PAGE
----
Another old essay. This one’s actually rather important, if not terribly good.
Simon Pegg was recently quoted discussing genre fiction and the infantilization of society (radiotimes). He gave a more nuanced discussion on his own blog which I think is good fodder for discussion (Simonpegg.net).
The original quotes from radiotimes end up making Pegg complaining about adults enjoying what was once exclusively children’s literature – watching movies with superheroes, space ships, and monsters. This is radically different, he says, from the cinema that came before which was caught up in the amoral complexity of the real world, citing movies such as Taxi, The Godfather, and Bonnie and Clyde. Spectacle now takes us away from real world issues.
His own more nuanced blog isn’t nearly so black and white. He posits a couple of basic questions that are important:
1) Is genre a manifestation of extended adolescence? Does it perpetuate it? Is this a problem?
2) Does genre blind us from the real problems of the world? Does it allow these problems to be discussed in a “commercially viable” fashion?
He is not, necessarily, putting these forward as critiques. Rather, they are calls to self-reflection. I get a sense that this whole issue is really Pegg discussing out loud his own thoughts, thoughts which have not yet come to any firm conclusion. On this matter, I find myself in a similar position.
Genre and Escapism
The question of extended adolescence is one that has been attacked from a variety of angles. It pops up in the social commentary every few months. It is especially poignant in the world of masculine identity (Art of Manliness) and discussion of sexual relations are influenced by it (Wall Street Journal). It’s the topic for the majority of our slapstick today (see Vince Vaughn and Owen Wilson) and is the catalyst for a slew of television shows (From Friends in the 90s to Entourage today). It’s difficult, I would say impossible, to say that we are not experiencing a unique event in history – the majority of our young men are arrested in their development to some extent.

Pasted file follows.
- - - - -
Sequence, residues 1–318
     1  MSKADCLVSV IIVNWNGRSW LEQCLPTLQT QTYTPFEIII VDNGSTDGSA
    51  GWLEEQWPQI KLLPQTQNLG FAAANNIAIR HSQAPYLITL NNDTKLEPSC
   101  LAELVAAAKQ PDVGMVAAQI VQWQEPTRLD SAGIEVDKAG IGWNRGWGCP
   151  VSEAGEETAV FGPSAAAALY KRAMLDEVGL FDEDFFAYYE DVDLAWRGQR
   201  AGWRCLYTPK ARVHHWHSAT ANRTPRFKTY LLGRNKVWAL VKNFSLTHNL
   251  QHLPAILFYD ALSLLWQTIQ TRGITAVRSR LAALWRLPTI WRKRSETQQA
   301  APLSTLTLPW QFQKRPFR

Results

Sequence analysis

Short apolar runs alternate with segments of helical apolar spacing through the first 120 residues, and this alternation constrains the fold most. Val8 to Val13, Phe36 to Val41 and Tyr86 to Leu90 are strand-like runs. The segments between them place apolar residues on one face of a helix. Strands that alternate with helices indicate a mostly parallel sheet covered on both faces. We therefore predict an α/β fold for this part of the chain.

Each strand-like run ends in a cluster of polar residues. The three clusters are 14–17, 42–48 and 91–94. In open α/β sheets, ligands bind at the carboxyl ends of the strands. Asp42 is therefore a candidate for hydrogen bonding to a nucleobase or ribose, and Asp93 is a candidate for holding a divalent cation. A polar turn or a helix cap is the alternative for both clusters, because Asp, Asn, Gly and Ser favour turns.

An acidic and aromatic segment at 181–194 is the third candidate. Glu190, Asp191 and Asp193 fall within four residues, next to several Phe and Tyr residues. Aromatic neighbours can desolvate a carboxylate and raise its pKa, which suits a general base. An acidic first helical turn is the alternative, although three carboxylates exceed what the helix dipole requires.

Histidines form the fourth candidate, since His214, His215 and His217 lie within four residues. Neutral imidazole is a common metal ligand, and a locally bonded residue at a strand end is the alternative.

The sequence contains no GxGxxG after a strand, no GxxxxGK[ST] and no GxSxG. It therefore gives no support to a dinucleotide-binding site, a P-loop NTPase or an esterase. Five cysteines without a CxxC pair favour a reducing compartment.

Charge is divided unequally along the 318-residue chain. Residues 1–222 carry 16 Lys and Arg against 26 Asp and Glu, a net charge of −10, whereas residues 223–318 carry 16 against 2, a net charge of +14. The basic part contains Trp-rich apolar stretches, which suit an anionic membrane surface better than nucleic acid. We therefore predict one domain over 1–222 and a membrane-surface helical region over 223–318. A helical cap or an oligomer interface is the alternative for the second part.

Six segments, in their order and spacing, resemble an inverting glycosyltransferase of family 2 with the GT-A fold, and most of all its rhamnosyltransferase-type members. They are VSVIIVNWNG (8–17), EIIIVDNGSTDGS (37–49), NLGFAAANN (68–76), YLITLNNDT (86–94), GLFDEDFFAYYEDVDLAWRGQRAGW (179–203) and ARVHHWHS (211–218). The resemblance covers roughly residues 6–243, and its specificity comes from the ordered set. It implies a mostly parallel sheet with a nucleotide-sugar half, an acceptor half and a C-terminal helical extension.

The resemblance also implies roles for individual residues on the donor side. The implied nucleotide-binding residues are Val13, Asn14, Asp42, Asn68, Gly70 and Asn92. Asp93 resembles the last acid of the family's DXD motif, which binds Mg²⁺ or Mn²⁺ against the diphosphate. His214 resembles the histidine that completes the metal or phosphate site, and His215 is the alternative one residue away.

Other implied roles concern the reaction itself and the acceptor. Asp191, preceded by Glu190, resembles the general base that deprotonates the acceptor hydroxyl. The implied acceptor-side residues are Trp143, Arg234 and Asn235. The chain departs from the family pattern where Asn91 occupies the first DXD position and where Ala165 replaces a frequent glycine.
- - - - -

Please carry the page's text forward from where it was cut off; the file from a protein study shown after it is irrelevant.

This situation has a number of negative fallouts – both sociological, with the question of marriage and family, and theoretical. It is the theoretical issue that Pegg is seeking to have us look at. This extended adolescence appears to infantilize one’s ability to deal with important questions of the day.
What does genre have to do with this? In reality, this is not a new question, though its answers are more wide-reaching today. In Tolkien’s “On Fairy Stories”, the author of the Lord of the Rings directly asked whether fairy stories were simply escapist. His answer, summed up rather hastily, is that they were escapist, but that was fine. A prisoner in a vale of tears should be able to dream of freedom. This was contrasted with the escapism of the deserter, who sought to dream only of irresponsibility.
Today, we have to ask if the escapism of the deserter has overtaken the escapism of the prisoner. It’s at this point where Pegg’s second question comes into play – does genre fiction ultimately blind us to the important matters of the day. If our escapism is one of desertion, then yes it does. If it is one of the prisoner, then no it doesn’t.